Another thought is that the transfer is close and another mission is opening this transfer. Maybe you ought to wait until next month to send, just in case. I don`t think I`m gonna change missions, but you never know.
One spiritual thought: we have had a huge challenge getting the investigators to attend church, because we have church at eight in the morning and Sunday is a business day for a lot of people, but we fasted so four people would attend. We had lost contact with three of them and the fourth had to travel for work, but the fast worked. Two of the three who we had lost arrived without us doing anything, and the one who had to work changed her schedule to attend. In the end, three of the four arrived.
We won, in other words. Now we are going to climb a hill in the sun and take pictures.
Elder Belù

 

Mother’s Day Call Home

Hey, Everybody,
Jon called home this afternoon. We used Skype again, and, just like his calls for Christmas and last Mother’s Day, it was hard. This time the first internet cafe he and his companion visited had a power outage as they tried to start their calls. It took them over an hour to find a shopping mall with functioning internet. By then, his companion’s family had given up on their call. (The companion plans to try again tomorrow.)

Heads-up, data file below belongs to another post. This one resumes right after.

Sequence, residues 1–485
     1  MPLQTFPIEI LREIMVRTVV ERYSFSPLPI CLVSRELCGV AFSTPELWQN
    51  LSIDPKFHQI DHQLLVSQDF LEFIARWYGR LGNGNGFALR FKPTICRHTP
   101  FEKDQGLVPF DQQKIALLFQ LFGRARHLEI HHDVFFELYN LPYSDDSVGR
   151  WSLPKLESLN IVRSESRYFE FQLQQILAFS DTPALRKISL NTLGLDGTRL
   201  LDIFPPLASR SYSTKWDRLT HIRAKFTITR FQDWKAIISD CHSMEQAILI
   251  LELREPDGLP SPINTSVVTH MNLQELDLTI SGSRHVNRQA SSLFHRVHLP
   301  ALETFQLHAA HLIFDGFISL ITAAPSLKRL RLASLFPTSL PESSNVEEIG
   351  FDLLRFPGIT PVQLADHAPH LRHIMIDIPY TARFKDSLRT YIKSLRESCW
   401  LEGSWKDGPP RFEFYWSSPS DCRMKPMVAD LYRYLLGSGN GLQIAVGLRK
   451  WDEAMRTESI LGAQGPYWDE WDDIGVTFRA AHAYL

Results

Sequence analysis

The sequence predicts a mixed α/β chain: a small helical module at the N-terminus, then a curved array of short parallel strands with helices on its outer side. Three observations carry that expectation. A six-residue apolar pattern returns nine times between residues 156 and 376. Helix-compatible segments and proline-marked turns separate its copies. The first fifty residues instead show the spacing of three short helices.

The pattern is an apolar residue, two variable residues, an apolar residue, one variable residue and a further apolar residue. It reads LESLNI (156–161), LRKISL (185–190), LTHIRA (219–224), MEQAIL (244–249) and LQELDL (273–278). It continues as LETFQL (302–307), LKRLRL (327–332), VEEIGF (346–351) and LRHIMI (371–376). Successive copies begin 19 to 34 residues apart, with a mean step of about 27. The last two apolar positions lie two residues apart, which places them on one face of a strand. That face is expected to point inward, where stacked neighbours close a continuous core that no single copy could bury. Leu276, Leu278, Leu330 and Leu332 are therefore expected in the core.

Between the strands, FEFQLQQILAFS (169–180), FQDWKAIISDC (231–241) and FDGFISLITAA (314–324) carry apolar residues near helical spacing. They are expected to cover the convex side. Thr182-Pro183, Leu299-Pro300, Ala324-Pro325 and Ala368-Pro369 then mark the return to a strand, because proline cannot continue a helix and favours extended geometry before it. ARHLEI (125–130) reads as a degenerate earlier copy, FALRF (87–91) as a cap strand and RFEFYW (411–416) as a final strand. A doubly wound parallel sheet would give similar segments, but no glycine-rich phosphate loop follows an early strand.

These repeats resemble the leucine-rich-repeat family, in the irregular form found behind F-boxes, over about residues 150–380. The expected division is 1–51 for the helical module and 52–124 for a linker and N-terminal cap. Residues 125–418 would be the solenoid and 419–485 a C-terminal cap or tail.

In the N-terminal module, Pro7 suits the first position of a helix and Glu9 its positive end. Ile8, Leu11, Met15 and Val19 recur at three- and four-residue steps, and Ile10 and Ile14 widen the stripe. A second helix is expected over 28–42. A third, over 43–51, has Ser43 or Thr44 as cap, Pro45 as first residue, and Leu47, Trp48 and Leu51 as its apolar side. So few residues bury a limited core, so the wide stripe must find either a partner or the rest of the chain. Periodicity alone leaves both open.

Jon struggled to speak to us in English, reverting to Spanish often during the call. Recently a Colombian asked Jon for help with English grammar homework, and it took Jon several readings to understand the question. He doesn’t even have an English-language Bible anymore–he got rid of his English scriptures months ago after they got wet and grew mold. He studies in Spanish and in Portuguese. (He can’t pronounce the Portuguese, but finds that looking at it helps him understand Spanish better.)
The Colombian climate is hot and wet. He says the weather is simple–some days are rainy, some days are sunny, and some days it rains while the sun shines. He walks all day long in water, then comes home and soaks his feet in a bleach solution to prevent fungus infections. He also bathes daily, usually in a proper shower, though he has washed with five liter bags of drinking water at times when the city water was turned off. He says with proper hygiene it’s easy to prevent infections–he hasn’t had any kind of problem with fungus, and his overall health is good. His shoes, on the other hand, are full of holes, and his socks wore out. He asked us to send him American socks for his birthday, and he’s going to buy new shoes there in Colombia.
Jon’s camera still takes pictures, but he can’t send the pictures to us. Hopefully when he gets home we’ll find a way to get them off the camera.
He doesn’t have a cell phone, in fact, very few of the missionaries do. This is a security measure to keep the missionaries from being targeted by robbers. (One set of elders in Barranquilla had their cell phone stolen at gunpoint three weeks in a row.) It’s inconvenient that we didn’t have a way to call him to set up the Skype, but the policy seems to be working–Jon hasn’t been robbed.

He looks fine. We’ve very glad that he kept trying to call us until he got through!